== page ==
I took another gulp of my drink. The room swirled and I felt sick.
I lit yet another cigarette, one of far too many that I consumed that night. As I breathed in the smoke I played with my lighter. It was a brass Zippo petrol lighter that my parents had given me so many years ago. Although my father was completely against me being a smoker, he abhorred the idea of me sucking on those ‘coffin nails’, he still didn’t begrudge me possessing an instrument of my doom.
He had passed away a few years earlier. I sat there, blind drunk, with a cigarette in one hand and a large glass of neat vodka in the other, flicking my lighter and thinking of him.
I found myself in my garden with no memory of how I had gotten there. So drunk that gaps of that evening, and of my life were the norm. I looked out across the dark of my lawn and called out to my only friends, the foxes that would visit me.
I’d started feeding them a year or so earlier. Even though they’d just take the food and run, I still considered them my pals. It warmed my cold heart to see them tuck into whatever I had decided to put in their bowl each night.
I heard a rustle in the hedges at the top of my garden and saw one approach. It was beautiful. Its coat was a glorious red with white on the end of its tail. It walked towards me with much more confidence than it usually had.
As it got within a few feet I fell to the floor. Slumped in my stupor, it continued to advance. Its eyes reflected the light from my kitchen window. They burned bright and they warmed me. As it inched closer, I was lost in the orange glow of them. Its teeth were a brilliant white, and they smiled at me with such affection that I wept. I smiled back with drool dripping from my lips and down my chin.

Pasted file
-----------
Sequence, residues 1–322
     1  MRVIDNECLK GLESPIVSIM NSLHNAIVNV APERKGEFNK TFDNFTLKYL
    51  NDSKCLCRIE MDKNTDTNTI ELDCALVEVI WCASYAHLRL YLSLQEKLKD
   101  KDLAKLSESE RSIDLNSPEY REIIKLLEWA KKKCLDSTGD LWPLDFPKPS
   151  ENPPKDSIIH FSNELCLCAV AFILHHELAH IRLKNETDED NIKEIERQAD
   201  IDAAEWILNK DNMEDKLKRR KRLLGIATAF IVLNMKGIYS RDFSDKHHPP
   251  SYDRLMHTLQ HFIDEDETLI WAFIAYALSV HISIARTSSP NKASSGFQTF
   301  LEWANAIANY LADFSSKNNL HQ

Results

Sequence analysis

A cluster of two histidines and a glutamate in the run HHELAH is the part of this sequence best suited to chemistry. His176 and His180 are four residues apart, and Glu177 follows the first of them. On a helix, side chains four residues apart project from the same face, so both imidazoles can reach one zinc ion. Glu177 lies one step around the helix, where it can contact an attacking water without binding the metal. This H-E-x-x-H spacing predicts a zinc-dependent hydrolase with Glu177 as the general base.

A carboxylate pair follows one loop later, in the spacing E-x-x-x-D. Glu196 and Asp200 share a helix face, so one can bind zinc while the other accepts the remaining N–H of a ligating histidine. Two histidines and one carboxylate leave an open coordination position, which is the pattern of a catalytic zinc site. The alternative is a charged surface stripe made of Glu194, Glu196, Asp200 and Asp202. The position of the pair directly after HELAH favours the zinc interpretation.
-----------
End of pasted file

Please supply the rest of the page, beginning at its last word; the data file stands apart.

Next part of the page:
I found myself being pulled into its fiery gaze. I was drawn into those orbs of orange as they fixed intently on the wreck of a man that was crumpled on the ground in front of it. Each time its eyelids blinked I heard a click and the light that reflected from them flickered. I could feel the heat from them warming my face and It felt so good.
From a distance, I could hear pitiful screaming. The sound grew in intensity, as did the heat. The fox now sat with its face mere inches from my own. I was now engulfed by its flaming eyes.
I suddenly had a moment of clarity in my alcohol-addled brain. I had not walked into my garden at all. I was still slumped in my living room. The clicking of the fox’s eyelids was me clicking on my Zippo. The fiery eyes were the flames that engulfed me. With the spilling of my glass of vodka and the sparks from my constant flicking of my lighter, I had set myself ablaze. As the sounds of screaming ebbed, the vision of the animal returned. It moved so close that I could feel its breath on my face and it spoke to me. The voice was human. It was the voice of my father. “Time to come with me, son,” it said.
∼ Ian Sputnik
© Copyright Ian Sputnik. All Rights Reserved.
8 thoughts on “Homecoming”
Oh, Wow… absolutely brilliant!
Thank you for your kind words. You don’t know how much it means to have positive feedback for a short piece of fiction. And if you do know how much it means to a writer that someone gave such nice feedback, then even more respect to you. You made my day.
I do know, Ian… and have had my share of lovely encouragement. There’s not enough positivity around these days, so we like to share any we find!
Reblogged this on anitadawesauthor.com.
Deeply engrossing and superb.
Thank you so much.
Absolutely enthralling! Thanks for a top read, Ian!
Thank you. Very kind words.